A Road To Converge: Letting Go of the Pain You’re Passing On


I know a pastor who was dating a girl, and the girl eventually left him for another pastor in the same church.  They all had to work together for a while.  I can’t imagine how hard this must have been.

Years later this pastor planted a new church, but he took all his hurts with him.  He hardly opened up to anyone; viciously arm-wrestled for authority; shut off anyone he didn’t trust; boiled hate at other pastors; and viewed his ministry as a project he had to maintain under a strict disciplinary cage.  Some have said this was his personality — but I knew him before the girl left him.  He wasn’t always like this.  He used to be so full of life and joy and laughter.  Now he’s passive-aggressive, distant, moody, cold.

I’m not friends with him anymore, either.  I no longer meet his invisible standard.  There was a time when I was really mad at him for this: but the more I think about it, the more I understand.  If the same thing happened to me that did to him, I might have carried over all that baggage too.

But the thing is: We all go through crap.  We can let it hold us down, or not.  The trauma and trials that we go through are not the worst things that can happen to us.  The worst is when we let it give us permission to define us by a toxic lie — that somehow the world owes you, that you never have to trust again, that you can retaliate first, that you’re entitled to bitterness and contempt.  The worst is when you rehearse your own sad story to the point where even the future is to blame, and every new face must pass an impossible test designed to fail. It is a harsh whisper in your heart that says, “Never again.  I’ll show them.”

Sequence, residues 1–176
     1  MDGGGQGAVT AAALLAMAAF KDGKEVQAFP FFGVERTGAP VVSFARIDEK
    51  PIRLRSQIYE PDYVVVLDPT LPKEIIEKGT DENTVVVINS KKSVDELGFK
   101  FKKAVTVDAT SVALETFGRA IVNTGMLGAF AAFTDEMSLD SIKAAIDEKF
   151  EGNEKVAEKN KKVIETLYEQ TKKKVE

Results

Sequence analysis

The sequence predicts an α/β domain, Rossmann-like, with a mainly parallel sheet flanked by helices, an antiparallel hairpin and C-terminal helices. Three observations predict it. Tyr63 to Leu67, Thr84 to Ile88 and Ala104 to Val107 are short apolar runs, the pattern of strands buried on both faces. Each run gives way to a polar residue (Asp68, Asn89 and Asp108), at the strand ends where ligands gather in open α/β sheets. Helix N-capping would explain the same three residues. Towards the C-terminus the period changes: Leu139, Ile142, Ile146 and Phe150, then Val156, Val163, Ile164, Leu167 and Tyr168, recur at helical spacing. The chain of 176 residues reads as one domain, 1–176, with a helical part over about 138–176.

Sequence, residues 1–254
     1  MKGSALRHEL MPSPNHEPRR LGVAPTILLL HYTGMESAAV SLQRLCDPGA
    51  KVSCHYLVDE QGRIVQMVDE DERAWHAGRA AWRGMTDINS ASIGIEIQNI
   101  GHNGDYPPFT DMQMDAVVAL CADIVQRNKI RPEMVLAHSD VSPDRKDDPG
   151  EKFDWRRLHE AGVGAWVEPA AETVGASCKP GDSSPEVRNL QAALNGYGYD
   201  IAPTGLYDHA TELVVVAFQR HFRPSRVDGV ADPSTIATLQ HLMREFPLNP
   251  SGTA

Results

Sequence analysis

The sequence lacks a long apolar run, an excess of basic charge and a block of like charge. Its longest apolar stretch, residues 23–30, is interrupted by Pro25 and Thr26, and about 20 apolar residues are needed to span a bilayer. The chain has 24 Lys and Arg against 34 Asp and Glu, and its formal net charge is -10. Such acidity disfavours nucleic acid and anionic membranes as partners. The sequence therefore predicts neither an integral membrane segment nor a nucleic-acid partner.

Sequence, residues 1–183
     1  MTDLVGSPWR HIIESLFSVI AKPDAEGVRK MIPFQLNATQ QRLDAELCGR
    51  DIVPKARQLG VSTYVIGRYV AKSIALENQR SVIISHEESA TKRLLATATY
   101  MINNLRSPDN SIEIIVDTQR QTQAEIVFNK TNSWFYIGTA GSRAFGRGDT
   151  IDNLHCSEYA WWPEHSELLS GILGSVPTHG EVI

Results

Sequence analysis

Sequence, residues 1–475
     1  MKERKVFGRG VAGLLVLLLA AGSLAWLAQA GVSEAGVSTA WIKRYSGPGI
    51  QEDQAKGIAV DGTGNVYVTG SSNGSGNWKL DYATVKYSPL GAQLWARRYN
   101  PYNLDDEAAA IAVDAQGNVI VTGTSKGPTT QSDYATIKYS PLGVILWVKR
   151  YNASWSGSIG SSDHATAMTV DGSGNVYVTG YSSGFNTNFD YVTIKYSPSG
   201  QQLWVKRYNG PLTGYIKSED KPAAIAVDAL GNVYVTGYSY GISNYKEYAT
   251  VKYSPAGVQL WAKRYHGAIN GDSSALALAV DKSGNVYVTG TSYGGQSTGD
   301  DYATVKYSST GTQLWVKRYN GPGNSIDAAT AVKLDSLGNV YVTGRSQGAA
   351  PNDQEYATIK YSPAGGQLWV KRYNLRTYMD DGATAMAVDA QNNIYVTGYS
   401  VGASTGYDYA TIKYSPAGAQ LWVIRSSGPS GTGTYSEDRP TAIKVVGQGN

All this self-pity and victimization is understandable.  I’m on your side about that.  But this constant sour whisper will slowly destroy you.  It will destroy everything you touch.  I know this: because I lose a great friend by it.  I have tried to tell him this: but he refuses to listen, and it hurts my heart to see him stomp his way through life with closed fists.  It hurts me to see him interpret all disagreement as opposition or to take the most innocuous things so personally.

I know why you feel this way: But you cannot define your life by the losses you have incurred.  You may have been embarrassed, shamed, stabbed in the back, betrayed, and cheated — no one’s saying this isn’t wrong — but it’s even more reason to find healing and peace, or else you will not pass on wisdom, but pain.

I know it hurts.  I pray you find healing, my friend.  I still love you dearly, and I would still gladly die for you in a second, no matter how much you despise me for the reasons you’ve rehearsed.  Life has not gone the way you wanted: but there is still life left to serve God and to serve your fellow comrades in our journey together.  Perhaps our roads will converge one day again.

— J